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FOR IMMEDIATE RELEASE                                                                                                                                                          Feb. 22, 2014                 

GOODWIN ANNOUNCES GUILTY PLEA FROM DEFENDANT WHO SCAMMED ELDERLY VICTIMS

CHARLESTON, W.Va. – An individual who participated in a scheme that netted more than $60,000 in one week from senior citizens in West Virginia and elsewhere has pleaded guilty to conspiracy to commit wire fraud, U.S. Attorney Booth Goodwin announced today.  According to the plea agreement, Sheray J. McKay, 21, of Suitland, Md., pleaded guilty to an offense under 18 U.S.C. 1349.

"Scams to steal from older West Virginians are downright shameful,” U.S. Attorney Booth Goodwin said. “Protecting our state’s senior citizens is one of my top priorities, and in 2014, we’re going to work harder than ever to catch criminals who cheat seniors.”

According to the plea agreement, beginning in or about November 7, 2012, and continuing through November 13, 2012, McKay and others participated in a scheme to solicit money from about 16 elderly individuals who resided in West Virginia and other states. As part of the scheme, numerous elderly individuals were called at their homes and asked for money under false pretenses. It was a part of the scheme that the callers, posing as family members or clergymen of the elderly citizens, or lawyers for the so-called family members or clergymen, often falsely stated that they had been in car accidents or had been arrested for driving while intoxicated and needed money to get out of jail and pay attorney’s fees.  Based on these misrepresentations, the elderly victims wired money to McKay in Maryland. McKay then picked up the monies from the wire  transfers, kept a portion of the monies for herself, and handed over the rest of the monies to other individuals.  Under the plea agreement, McKay agrees that she owes restitution in the amount of at least $33,400.oo and up to $61,788.00.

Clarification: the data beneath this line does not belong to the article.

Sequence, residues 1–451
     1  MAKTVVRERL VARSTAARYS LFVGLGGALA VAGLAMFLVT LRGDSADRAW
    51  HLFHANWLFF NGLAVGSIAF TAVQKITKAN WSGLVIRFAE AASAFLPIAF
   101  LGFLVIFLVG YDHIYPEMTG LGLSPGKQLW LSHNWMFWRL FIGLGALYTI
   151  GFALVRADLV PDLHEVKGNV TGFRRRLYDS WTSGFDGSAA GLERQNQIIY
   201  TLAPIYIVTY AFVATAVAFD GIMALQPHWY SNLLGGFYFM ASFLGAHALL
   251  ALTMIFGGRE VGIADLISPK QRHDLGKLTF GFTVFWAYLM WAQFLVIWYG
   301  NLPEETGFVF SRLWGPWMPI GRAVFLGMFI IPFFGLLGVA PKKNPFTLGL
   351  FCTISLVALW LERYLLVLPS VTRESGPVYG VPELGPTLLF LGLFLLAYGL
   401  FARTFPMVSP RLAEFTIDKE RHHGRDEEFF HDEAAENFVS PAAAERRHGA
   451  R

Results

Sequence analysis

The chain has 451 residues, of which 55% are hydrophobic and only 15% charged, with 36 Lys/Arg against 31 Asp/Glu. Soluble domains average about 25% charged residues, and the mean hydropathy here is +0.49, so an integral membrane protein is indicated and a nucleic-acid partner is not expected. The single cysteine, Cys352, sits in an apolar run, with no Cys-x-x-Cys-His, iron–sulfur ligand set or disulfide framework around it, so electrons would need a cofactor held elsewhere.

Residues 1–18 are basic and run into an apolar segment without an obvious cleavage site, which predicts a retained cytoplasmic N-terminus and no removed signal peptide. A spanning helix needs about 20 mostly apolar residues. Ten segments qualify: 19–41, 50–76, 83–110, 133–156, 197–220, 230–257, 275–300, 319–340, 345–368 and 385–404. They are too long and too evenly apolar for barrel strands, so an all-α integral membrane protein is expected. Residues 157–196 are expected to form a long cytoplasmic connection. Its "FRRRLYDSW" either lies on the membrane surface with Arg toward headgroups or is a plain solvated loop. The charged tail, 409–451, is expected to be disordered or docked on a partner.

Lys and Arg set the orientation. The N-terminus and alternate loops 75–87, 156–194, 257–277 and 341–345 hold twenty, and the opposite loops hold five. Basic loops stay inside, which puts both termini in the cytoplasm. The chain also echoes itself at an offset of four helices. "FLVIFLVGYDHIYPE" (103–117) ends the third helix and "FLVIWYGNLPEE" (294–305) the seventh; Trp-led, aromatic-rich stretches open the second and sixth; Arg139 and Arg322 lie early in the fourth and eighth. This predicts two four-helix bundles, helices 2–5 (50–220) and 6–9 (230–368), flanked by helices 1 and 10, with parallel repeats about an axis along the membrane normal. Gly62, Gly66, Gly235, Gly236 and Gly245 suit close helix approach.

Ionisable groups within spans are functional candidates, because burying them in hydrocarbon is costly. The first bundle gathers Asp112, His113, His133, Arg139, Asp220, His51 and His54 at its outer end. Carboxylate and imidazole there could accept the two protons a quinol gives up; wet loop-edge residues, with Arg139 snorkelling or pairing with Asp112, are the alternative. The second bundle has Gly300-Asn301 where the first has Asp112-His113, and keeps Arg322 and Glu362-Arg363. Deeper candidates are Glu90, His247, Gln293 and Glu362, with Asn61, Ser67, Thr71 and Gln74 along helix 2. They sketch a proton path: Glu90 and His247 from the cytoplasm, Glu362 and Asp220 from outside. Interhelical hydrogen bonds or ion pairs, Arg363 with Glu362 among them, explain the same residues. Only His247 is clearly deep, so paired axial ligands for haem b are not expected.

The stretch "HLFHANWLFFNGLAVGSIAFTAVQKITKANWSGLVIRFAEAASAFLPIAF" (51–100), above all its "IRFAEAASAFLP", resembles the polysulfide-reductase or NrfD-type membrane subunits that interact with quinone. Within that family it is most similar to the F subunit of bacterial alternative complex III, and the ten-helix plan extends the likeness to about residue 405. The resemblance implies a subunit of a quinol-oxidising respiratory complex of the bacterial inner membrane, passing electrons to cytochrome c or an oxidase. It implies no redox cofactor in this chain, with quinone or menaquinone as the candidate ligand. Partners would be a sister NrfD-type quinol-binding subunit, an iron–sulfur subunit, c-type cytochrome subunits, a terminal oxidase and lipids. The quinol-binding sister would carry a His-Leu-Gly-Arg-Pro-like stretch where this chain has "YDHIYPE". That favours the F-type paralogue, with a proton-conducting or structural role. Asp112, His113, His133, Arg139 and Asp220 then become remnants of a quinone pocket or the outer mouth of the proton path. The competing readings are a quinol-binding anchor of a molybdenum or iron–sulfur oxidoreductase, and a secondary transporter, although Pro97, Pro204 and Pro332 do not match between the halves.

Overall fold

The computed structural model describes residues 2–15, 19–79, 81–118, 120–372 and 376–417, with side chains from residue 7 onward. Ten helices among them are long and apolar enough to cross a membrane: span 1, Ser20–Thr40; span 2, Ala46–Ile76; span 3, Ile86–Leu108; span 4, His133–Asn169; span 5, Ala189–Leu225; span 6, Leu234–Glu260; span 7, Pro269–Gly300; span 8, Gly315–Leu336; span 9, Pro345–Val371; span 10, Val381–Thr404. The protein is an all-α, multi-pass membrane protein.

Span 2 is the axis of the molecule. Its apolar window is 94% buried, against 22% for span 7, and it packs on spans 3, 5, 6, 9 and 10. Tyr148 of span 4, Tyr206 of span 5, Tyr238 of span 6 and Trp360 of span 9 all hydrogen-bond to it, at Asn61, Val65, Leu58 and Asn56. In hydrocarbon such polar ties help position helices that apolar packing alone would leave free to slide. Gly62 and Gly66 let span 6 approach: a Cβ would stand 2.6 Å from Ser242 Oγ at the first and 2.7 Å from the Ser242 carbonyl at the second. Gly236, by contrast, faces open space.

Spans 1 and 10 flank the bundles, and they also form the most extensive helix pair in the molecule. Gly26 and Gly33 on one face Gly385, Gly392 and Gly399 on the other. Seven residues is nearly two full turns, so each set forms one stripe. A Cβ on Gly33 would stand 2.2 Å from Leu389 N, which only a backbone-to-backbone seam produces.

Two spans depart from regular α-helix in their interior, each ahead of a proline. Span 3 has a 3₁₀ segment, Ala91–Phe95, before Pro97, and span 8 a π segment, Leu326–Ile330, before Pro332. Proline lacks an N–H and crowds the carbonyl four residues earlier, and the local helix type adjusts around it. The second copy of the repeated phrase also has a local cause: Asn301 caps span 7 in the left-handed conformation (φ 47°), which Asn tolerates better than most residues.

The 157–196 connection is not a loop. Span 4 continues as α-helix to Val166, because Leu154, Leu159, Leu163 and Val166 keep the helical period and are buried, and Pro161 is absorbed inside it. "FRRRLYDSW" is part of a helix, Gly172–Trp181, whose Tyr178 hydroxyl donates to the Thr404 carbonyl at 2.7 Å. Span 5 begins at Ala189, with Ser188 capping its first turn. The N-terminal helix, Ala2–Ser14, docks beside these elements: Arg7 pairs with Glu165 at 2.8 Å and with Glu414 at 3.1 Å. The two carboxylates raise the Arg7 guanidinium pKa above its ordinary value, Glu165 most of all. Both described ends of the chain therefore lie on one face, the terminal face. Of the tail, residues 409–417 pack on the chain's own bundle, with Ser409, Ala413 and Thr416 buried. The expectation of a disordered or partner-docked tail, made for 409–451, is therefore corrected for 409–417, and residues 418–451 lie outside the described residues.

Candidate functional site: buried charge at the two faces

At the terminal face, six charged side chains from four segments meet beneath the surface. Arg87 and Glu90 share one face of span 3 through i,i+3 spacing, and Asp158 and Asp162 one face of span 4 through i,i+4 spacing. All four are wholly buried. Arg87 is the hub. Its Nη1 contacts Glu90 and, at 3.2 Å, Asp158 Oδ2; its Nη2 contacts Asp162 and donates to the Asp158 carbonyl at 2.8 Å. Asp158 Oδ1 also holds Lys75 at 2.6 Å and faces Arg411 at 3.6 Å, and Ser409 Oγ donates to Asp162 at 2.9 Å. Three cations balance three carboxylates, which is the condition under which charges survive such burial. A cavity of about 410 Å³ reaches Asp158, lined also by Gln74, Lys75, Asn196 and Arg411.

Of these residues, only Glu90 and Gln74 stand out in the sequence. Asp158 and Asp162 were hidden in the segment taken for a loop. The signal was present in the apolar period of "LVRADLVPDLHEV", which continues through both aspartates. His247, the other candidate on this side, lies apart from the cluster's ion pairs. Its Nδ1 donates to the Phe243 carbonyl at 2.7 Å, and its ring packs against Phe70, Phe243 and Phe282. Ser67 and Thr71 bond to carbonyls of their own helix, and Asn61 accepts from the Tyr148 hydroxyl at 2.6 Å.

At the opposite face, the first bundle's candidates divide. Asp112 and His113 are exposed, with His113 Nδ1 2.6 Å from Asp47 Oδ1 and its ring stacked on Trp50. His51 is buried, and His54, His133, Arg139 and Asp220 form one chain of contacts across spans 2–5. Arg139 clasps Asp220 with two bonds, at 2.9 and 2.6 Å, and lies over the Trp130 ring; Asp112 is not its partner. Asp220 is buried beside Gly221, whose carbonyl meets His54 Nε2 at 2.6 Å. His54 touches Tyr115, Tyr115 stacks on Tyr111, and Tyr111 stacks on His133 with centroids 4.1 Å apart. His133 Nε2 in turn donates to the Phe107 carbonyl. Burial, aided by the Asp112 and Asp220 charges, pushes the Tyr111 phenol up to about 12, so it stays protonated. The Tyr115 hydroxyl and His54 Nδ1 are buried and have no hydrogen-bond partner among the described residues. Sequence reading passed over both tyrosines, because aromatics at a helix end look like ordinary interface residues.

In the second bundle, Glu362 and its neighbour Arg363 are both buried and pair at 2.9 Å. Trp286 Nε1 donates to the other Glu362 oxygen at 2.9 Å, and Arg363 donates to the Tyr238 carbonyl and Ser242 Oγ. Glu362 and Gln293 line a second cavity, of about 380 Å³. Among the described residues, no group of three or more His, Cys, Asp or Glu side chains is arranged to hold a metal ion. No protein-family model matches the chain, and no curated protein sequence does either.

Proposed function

The defendants charged in the indictment picked up the funds from the wire transfers in Maryland and New York. The victims targeted in the alleged scheme ranged in age from 70 to 95 years old.

McKay was arrested in Maryland in December 2013 on an indictment which charged her and two co-defendants, Kacey K. Moise of New York, and Charnita E. Ryland, also of  Maryland, with 12 counts of conspiracy to commit wire fraud and wire fraud.  McKay was specifically charged with four counts:  conspiracy to commit wire fraud and three counts of wire fraud.  Based upon her guilty plea, McKay faces up to 20 years in prison at sentencing. McKay’s sentencing is set for June 5,  2014 at 3:00 p.m.  
McKay’s plea hearing was conducted by United States District Judge Thomas E. Johnston.

Today’s plea is part of U.S. Attorney Goodwin’s work to protect West Virginia’s senior citizens. Over the past few years, Goodwin has visited senior center locations in nearly twenty West Virginia counties to offer tips to protect seniors in their homes and help them avoid financial scams like this one. Additional information regarding this initiative can be found at http://www.justice.gov/usao/wvs/safe-seniors.html

The investigation was conducted by the United States Secret Service. Assistant United States Attorneys Eumi Choi and Meredith Thomas are handling the prosecution.

 

 

 

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